(Roughly) Daily

Posts Tagged ‘Vincent Van Gogh

I’m a roadrunner, baby…


Given the breadth of James Franco’s artistic endeavors, he was bound to inspire imitation…

[TotH to Flavorpill]


As we rethink our use of the comparative superlative “an arm and a leg,” we might recall that it was on this date in 1901 that the Bernheim-Jeune gallery in Paris opened a show of paintings by Vincent Van Gogh– who had committed suicide 11 years earlier.  Van Gogh, who had sold only one work during his lifetime, was commemorated by small (and uneventful) shows after his death.  But the BJ show– 71 paintings– became a sensation… and Van Gogh began his rise to a level of esteem and fame surely unimaginable to him during his life.

self-portrait, 1887 (source)


Written by (Roughly) Daily

March 17, 2011 at 1:01 am

Fashion *is* art…

Staffers from the Japanese apparel company Onward Kashiyama arranged 2,700 polo shirts in 24 colors to reproduce a self-portrait of Vincent Van Gogh:

As we gently touch our ears, we might recall that it was on this date in 1973 that an artist of a different variety, Neil Patrick Harris, was born.  A successful television comedian, he has starred in Doogie Howser, MD and in How I Met Your Mother; he has hosted the Emmys, Tonys, and opened the Oscars; and he has starred in Joss Whedon’s musical web series Dr. Horrible’s Sing-Along Blog.

But Harris is best known, of course, for his pivotal performance in the epic Harold and Kumar Go to White Castle.

Birthday Boy, center

Bedroom Secrets…

One of the best-loved works in Vincent van Gogh’s oeuvre is The Bedroom. It was painted in October 1888, when the artist was living in the Yellow House in Arles. To give his brother Theo an impression of the painting he was working on, Van Gogh sent him a letter with a detailed sketch. A day later he also sent a sketch to his friend and fellow artist Paul Gauguin.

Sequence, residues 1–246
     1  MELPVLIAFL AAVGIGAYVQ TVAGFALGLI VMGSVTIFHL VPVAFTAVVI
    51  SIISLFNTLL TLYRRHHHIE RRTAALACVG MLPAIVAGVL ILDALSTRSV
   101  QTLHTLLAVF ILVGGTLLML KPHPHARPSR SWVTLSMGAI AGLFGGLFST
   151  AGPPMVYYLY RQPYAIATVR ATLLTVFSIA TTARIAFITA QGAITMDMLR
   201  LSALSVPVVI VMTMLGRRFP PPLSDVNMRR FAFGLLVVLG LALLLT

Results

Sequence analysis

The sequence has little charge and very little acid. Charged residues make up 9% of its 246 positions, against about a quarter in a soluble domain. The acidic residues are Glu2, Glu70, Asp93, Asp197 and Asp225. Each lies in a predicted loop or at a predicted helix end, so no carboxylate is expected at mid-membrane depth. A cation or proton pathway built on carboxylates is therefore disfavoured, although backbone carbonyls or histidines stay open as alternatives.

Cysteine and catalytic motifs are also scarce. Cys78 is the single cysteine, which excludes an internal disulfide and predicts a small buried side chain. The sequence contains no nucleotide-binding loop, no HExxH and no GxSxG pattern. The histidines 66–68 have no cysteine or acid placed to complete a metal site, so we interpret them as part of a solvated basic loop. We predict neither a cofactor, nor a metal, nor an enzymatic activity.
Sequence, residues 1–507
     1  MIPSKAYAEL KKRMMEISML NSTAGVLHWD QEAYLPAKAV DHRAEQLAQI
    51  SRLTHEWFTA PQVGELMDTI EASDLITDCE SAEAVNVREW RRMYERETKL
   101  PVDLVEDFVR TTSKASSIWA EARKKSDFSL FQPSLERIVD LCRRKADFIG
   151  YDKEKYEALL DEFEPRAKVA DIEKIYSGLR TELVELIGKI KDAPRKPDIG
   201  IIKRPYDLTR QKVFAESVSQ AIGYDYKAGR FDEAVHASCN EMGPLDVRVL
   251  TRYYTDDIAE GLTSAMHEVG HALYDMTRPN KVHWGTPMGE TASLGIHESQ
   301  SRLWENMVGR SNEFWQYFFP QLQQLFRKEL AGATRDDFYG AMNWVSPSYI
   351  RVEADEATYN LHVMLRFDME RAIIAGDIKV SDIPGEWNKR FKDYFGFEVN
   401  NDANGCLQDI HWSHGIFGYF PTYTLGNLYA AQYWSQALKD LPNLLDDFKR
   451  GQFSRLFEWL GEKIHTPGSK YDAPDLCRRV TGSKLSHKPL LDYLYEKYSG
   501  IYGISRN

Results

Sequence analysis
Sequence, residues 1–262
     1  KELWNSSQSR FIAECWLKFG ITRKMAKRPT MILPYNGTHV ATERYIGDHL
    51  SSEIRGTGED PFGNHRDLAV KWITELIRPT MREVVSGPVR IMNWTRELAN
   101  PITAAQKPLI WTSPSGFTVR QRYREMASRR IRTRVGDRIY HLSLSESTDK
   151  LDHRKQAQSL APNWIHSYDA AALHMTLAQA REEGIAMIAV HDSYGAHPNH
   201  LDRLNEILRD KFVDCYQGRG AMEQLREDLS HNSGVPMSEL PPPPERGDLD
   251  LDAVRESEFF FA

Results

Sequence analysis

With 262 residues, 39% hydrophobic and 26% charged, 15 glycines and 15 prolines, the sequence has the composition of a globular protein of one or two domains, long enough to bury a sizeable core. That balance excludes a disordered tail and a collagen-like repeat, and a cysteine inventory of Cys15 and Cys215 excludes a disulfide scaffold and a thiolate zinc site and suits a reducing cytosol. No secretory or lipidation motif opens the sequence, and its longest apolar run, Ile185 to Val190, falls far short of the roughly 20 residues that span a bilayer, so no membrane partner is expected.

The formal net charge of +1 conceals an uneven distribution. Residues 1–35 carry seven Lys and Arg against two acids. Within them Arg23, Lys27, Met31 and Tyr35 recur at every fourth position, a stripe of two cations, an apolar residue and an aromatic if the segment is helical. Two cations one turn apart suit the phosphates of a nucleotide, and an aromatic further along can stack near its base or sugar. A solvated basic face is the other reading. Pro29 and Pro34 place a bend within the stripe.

He put a great deal of thought into the composition and the colours, and we know from his letters that he was very pleased with the result. ‘But the colour has to do the job here,’ he wrote, ‘and through its being simplified by giving a grander style to things, to be suggestive here of rest or of sleep in general.’

Vincent van Gogh considered The bedroom an important painting. In early 1889, Van Gogh returned home from the hospital in Arles. He had been admitted there after his psychological crisis and the injury to his ear. As he wrote to Theo, ‘When I saw my canvases again after my illness, what seemed to me the best was The Bedroom.

From Amsterdam’s Van Gogh Museum, “Bedroom Secrets,” a blog chronicling the restoration of “The Bedroom.”

As we gingerly touch our ears, we might wish a brisk Happy Birthday to Frederick Winslow Taylor, an engineer and inventor (42 patents) who’s best remembered as the father of “Scientific Management,” the discipline rooted in efficiency studies and standardization.  Quoth Peter Drucker:

Frederick W. Taylor was the first man in recorded history who deemed work deserving of systematic observation and study. On Taylor’s ‘scientific management’ rests, above all, the tremendous surge of affluence in the last seventy-five years which has lifted the working masses in the developed countries well above any level recorded before, even for the well-to-do. Taylor, though the Isaac Newton (or perhaps the Archimedes) of the science of work, laid only first foundations, however. Not much has been added to them since – even though he has been dead all of sixty years.

Taylor’s work encouraged many followers (e.g. Frank “Cheaper by the Dozen” Gilbreth) and effectively spawned the field of management consulting.  But Taylor practiced what he preached, and found time to become a champion tennis player as well:  he won the first doubles tournament (1881) in U.S. National Championships, the precursor of the U.S. Open (with partner Clarence Clark).

Frederick W. Taylor

Lending you his ear…

From the Van Gogh Museum in Amsterdam, all 902 letters written to and from Vincent Van Gogh.  They’re beautifully reproduced, annotated, transcribed, and translated– a rare and precious look at a rare and precious artist.

As we form Impressionistic impressions, we might wonder that two very different public figures were born on this date in 1925.

British Prime Minister Margaret Thatcher, the Iron Lady…

“No-one would remember the Good Samaritan if he’d only had good intentions; he had money as well. “

and terrifyingly insightful comedian Lenny Bruce…

“Let me tell you the truth. The truth is, what is. And what should be is a fantasy, a terrible terrible lie that someone gave to the people long ago.”

Written by (Roughly) Daily

October 13, 2009 at 12:01 am

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